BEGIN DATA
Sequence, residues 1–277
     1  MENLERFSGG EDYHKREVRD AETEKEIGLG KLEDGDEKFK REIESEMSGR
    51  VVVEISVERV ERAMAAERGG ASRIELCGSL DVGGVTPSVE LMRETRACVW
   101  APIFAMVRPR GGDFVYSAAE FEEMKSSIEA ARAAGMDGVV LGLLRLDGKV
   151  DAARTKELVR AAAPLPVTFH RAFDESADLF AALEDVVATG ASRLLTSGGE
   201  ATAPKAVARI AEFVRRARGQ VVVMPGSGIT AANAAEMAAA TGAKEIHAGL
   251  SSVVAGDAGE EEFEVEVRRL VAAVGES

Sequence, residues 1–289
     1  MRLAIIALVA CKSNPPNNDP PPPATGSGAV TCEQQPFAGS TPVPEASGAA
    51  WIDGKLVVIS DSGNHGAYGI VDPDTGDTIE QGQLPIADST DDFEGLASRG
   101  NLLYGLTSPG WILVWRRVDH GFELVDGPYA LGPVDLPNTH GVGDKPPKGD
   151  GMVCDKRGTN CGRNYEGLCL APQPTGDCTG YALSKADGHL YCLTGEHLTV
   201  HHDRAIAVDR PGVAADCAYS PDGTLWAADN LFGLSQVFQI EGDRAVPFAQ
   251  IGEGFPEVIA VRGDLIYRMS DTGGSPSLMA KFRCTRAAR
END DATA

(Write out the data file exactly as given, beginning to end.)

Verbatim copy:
Sequence, residues 1–277
     1  MENLERFSGG EDYHKREVRD AETEKEIGLG KLEDGDEKFK REIESEMSGR
    51  VVVEISVERV ERAMAAERGG ASRIELCGSL DVGGVTPSVE LMRETRACVW
   101  APIFAMVRPR GGDFVYSAAE FEEMKSSIEA ARAAGMDGVV LGLLRLDGKV
   151  DAARTKELVR AAAPLPVTFH RAFDESADLF AALEDVVATG ASRLLTSGGE
   201  ATAPKAVARI AEFVRRARGQ VVVMPGSGIT AANAAEMAAA TGAKEIHAGL
   251  SSVVAGDAGE EEFEVEVRRL VAAVGES

Sequence, residues 1–289
     1  MRLAIIALVA CKSNPPNNDP PPPATGSGAV TCEQQPFAGS TPVPEASGAA
    51  WIDGKLVVIS DSGNHGAYGI VDPDTGDTIE QGQLPIADST DDFEGLASRG
   101  NLLYGLTSPG WILVWRRVDH GFELVDGPYA LGPVDLPNTH GVGDKPPKGD
   151  GMVCDKRGTN CGRNYEGLCL APQPTGDCTG YALSKADGHL YCLTGEHLTV
   201  HHDRAIAVDR PGVAADCAYS PDGTLWAADN LFGLSQVFQI EGDRAVPFAQ
   251  IGEGFPEVIA VRGDLIYRMS DTGGSPSLMA KFRCTRAAR